The truth cannot hide...

True Lies – The Art of Collaboration


by Margaret Murphy

EVERYONE LIES has had rave reviews from book bloggers around the net. For more on the novel, and links to reviews click here. Between June and December 2013, EVERYONE LIES twice reached the top ten in Amazon Kindle. Many reviewers liked the forensic elements of the novel, and the fact that it came out of a collaboration between a writer and a forensic scientist.


Linghams 500

So, how did the writing collaboration happen? It all began in 2008. During Liverpool’s year as Capital of Culture, the city hosted the BA Science Festival. The Macaulay (now the Hutton) Institute wanted to organize a panel discussion, open to the general public, examining the science behind crime fiction. Dr (now Professor) Lorna Dawson explained that they needed three writers willing to have their work scrutinized, explained, and potentially ridiculed by a panel of six (yes, six!) scientists. Did I know anyone brave (or foolhardy) enough to take part? I persuaded Val McDermid and Peter James to face the ordeal with me. In the event, the scientists were kind to us, and we got off fairly lightly,  Murder, Mystery & Microscopes was a double sell-out, and has since become a staple of public science lectures.

Fast forward to the Harrogate Crime Writing Festival 2010, and another Murder, Mystery & Microscopes event. This time, the two novelists under the microscope were Ann Cleeves and Mark Billingham, and the forensics expert was Dave Barclay, whom I’d met during the inaugural presentation. My agent knew my science background and said she’d love to get the two of us together on a project. We met over gin & tonic and Dave and I had our first formal meeting in August 2010 to agree our respective contributions.
Dave came up with three ten-point plots and we chose one that had the potential to build into a satisfying thriller. From there, we exchanged ideas, and talked about the characters with Dave advising on scientific and procedural elements.  The writing is my job, so when we felt we had enough, I spent a couple of weeks structuring how I thought the story might work. We had the two main protagonists, forensic scientist, Professor Nick Fennimore, and DCI Kate Simms. We had also worked out the main plot – an unexplained blip in the number of overdoses among north Manchester’s heroin addicts, which Simms suspects is something far more sinister. Being science trained, I could do some forensic research myself; when a question arose that was beyond my experience, Dave would provide briefing notes or a PowerPoint presentation – or we would have a Skype conversation.’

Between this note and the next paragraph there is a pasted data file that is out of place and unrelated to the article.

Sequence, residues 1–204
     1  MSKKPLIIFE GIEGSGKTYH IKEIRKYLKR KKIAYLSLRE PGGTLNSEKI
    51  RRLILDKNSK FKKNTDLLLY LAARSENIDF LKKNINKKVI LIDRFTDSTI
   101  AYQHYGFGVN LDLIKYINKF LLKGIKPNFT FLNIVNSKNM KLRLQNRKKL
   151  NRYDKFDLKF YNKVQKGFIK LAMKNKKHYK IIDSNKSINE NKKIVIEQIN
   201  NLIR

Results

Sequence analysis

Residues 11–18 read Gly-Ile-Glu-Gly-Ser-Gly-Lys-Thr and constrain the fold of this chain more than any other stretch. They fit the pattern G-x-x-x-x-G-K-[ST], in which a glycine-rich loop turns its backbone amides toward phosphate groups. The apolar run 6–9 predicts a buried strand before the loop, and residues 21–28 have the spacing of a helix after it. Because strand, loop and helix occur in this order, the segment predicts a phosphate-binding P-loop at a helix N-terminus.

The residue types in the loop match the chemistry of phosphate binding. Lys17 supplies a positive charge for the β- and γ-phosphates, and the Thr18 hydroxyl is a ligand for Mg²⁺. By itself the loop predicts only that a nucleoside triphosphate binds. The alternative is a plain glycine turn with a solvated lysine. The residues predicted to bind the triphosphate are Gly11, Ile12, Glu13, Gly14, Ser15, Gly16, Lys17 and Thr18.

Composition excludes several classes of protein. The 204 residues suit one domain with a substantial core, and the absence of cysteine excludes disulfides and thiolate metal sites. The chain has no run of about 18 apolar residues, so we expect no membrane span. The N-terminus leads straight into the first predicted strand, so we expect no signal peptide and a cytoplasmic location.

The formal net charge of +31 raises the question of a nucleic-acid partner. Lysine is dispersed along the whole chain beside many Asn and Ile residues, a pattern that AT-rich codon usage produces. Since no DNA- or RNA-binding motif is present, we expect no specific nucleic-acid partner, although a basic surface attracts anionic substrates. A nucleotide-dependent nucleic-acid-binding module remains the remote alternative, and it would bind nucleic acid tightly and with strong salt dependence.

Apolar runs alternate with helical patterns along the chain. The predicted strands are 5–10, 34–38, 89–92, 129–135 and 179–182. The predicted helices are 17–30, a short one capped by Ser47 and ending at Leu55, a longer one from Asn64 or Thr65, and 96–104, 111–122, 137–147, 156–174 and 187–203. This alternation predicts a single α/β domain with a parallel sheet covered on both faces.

Are there any CSI-style cheats or inventions in the novel? Fennimore is a forensic scientist, which means the science has to be right, but EVERYONE LIES is, after all, a work of fiction, so the characters had to have depth and complexity to engage the readers, and as a thriller, the story needed both tension and pace. My science background came in handy in unpicking the more difficult scientific/statistical concepts and making them work dramatically, but the plot outline wasn’t a rigid formula we stuck to. The writing process is organic, apt to change as the story develops, which means that while the outline is a guiding structure – it’s not prescriptive. We added in storylines and characters and scratched out others along the way. Characters will do unpredictable things, against the better judgment of the writer, and in these instances, Dave would deal with the scientific consequences of my untidy creative mind. On one occasion, I reordered some of scenes to increase the tension, and found that DCI Simms needed DNA results faster than I thought possible (cue CSI theme).  I knew that “fast tracking” DNA results can speed up the process to a 24 hour turnaround. But Simms didn’t have that sort of time – or the money to pay for it. I Skyped Dave: was there any way we could get those results in less than 24 hours? He told me that with new equipment and techniques they can be processed in half a day – it’s the backlog of work that holds results up. Fortunately Prof Fennimore was owed a few favours so he got bumped to the head of the queue!

A lot of readers are asking if there will be more of Fennimore and Simms. Happily, the second novel is now finished and edited. Fennimore and Simms go stateside, on the trail of a serial killer. That was fun to research, and I intend to blog the trip in the run-up to the release of the second novel.


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